Getting the tools to do the job?

Discussion in 'Luthier's Corner' started by Zebra, Jul 3, 2005.

  1. Zebra


    Jun 26, 2005
    So I really want to make a bass, but one major obstacle: I don't have that many tools to work with.
    I have a saw, hacksaw, some chisels, a knife, and a hammer, and I may be able to find a Dremel that I might have somewhere. I'm at a dead halt. I have next to no money to spend and it doesn't look like I can do much with this.
    I've thought about finding woodworking shops where I can go, but it's been troublesome tracking them down. So far one that looks good may require some funds... and health insurance I don't have.
    Anyone know where I could look to get access to the tools I'll need to do this?
    What tools are an absolute neccesity to get the job done?
    What do you think I can do, if anything, with what I have?
  2. Bassic83


    Jul 26, 2004
    Texas, USSA
    There's bunch of threads on this, but I am doing fine with a table saw, a band saw, a good plunge router is a necessity, a drill press is optional, but can make your life a whole lot easier, and a quarter-sheet sander. Don't forget a whole mess of clamps. Get a few decent clamps, bar clamps and C-clamps, mostly. All of this can be had at garage sales and pawn shops. Most can be had for under $50 a piece, but look at the tools carefully before you buy them. Things to watch for- electrical tape on the power cords (been cut and poorly repaired), pieces missing or messed up, obvious damage, motors that have black sooty marks near them. Other than that, you should be able to get a decent shop going for very little money. A table saw is a good place to start. It can be used for home projects as well, so it is a worthwhile investment. Then a band saw and router. Hand tools to watch for- drawknife (spokeshave) for shaping the neck is the big one, IMO, and Japanese dozuki saw for cutting frets (if you're so inclined...some people don't like frets! ;) ). Have fun, it can be done all by hand tools, but it takes longer, and one arm usually gets bigger than the other...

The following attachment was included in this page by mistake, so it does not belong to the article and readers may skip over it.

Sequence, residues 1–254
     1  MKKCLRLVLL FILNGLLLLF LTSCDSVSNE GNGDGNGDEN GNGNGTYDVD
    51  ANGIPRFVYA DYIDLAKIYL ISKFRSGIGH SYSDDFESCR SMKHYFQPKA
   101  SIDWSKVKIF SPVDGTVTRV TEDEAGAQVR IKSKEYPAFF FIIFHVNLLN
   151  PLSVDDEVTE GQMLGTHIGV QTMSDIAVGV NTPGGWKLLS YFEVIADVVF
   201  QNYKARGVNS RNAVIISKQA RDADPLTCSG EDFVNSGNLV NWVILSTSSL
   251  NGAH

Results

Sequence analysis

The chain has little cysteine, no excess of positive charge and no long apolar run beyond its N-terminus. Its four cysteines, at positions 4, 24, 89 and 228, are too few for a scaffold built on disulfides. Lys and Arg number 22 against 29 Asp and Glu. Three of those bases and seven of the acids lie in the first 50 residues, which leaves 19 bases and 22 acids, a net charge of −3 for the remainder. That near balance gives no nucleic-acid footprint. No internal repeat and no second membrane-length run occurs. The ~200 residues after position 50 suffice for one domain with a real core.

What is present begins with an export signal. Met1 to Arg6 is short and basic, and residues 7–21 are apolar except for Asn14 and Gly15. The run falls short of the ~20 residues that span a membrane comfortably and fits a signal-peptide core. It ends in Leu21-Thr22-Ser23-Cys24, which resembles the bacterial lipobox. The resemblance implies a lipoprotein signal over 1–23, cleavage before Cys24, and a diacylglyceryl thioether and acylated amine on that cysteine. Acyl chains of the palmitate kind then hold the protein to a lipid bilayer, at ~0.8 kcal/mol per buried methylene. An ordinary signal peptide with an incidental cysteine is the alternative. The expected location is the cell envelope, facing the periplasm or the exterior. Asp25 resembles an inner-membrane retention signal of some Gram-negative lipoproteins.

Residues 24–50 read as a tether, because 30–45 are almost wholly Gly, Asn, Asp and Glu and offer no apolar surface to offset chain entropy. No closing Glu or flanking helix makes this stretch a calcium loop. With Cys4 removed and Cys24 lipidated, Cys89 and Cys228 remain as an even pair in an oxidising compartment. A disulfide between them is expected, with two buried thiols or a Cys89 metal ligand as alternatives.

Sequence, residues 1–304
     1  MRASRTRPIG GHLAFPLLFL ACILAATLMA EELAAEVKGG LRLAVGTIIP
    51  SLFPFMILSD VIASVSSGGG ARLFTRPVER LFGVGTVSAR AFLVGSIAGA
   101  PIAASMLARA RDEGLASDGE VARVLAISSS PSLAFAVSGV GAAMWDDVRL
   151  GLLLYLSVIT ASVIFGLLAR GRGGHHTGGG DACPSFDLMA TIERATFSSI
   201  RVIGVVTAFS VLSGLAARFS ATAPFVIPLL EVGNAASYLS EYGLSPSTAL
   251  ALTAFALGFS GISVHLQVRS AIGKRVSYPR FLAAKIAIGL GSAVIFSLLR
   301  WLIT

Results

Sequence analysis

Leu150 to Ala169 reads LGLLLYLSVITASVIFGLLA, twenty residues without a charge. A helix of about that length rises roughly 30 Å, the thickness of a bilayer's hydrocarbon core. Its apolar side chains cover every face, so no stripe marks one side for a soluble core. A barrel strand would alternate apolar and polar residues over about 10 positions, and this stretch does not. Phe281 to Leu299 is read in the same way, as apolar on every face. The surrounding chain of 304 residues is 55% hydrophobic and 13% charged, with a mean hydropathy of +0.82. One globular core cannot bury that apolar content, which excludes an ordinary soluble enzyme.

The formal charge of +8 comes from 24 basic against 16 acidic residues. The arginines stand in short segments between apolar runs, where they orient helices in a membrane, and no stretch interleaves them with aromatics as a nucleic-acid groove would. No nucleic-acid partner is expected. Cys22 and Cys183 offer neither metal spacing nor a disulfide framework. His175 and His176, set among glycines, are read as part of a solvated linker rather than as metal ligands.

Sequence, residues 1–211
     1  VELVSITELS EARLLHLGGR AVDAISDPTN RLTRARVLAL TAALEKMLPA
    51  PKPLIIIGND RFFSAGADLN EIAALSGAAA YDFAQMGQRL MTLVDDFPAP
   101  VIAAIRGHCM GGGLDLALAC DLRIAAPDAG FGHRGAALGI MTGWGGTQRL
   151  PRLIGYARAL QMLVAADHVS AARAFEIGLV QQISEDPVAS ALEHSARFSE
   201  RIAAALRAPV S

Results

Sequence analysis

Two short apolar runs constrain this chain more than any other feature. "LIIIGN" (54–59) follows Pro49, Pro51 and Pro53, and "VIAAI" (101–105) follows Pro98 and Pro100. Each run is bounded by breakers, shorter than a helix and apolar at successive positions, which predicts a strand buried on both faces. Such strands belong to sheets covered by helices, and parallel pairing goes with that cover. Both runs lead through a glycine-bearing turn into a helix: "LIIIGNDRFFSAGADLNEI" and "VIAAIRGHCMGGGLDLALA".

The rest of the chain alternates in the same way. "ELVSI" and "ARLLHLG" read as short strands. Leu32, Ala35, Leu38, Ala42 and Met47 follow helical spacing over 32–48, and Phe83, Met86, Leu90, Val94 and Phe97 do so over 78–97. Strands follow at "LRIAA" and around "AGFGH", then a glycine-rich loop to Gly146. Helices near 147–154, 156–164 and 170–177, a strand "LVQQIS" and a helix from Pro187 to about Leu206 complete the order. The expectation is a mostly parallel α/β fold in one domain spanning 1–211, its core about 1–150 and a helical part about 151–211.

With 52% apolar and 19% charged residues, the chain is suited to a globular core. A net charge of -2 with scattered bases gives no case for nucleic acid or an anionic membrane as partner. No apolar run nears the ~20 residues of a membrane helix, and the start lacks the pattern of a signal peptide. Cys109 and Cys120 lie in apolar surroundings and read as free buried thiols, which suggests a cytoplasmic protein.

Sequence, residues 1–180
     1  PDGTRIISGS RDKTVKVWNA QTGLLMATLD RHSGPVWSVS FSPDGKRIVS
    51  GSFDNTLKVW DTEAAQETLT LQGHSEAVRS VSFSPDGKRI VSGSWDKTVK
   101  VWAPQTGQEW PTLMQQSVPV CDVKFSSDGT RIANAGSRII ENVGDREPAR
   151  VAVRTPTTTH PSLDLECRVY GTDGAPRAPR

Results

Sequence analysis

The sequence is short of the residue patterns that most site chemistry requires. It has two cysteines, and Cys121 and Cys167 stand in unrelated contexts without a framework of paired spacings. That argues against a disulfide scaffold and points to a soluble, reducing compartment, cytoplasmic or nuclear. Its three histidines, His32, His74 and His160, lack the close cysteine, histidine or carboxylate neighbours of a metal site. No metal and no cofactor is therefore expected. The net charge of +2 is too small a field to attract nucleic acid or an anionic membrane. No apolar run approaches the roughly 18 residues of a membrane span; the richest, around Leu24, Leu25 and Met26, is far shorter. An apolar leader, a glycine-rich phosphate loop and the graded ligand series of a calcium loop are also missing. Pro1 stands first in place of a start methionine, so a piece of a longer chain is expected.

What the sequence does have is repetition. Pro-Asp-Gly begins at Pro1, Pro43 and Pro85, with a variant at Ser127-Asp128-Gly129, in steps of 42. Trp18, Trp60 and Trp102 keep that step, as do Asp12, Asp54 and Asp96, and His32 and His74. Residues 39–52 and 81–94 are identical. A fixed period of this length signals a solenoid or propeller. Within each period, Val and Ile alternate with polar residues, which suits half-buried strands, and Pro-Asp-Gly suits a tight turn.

3. Bassic83


    Jul 26, 2004
    Texas, USSA
    Oh, also, forgot to mention, high school or college wood shops are a good place to learn, and to use tools. Get with the instructor before you start bringing wood up there- some don't like outside projects being brought in. Others can be bought off with donuts... :p It's also a good place to learn how to use proper technique, many tools can seriously injure or even kill you if you don't use them properly and respect them.
  4. budman

    budman Commercial User

    Oct 7, 2004
    Houston, TX
    Formerly the owner/builder of LeCompte Electric Bass
    Don't forget the all important "air compressor". I couldn't live without mine.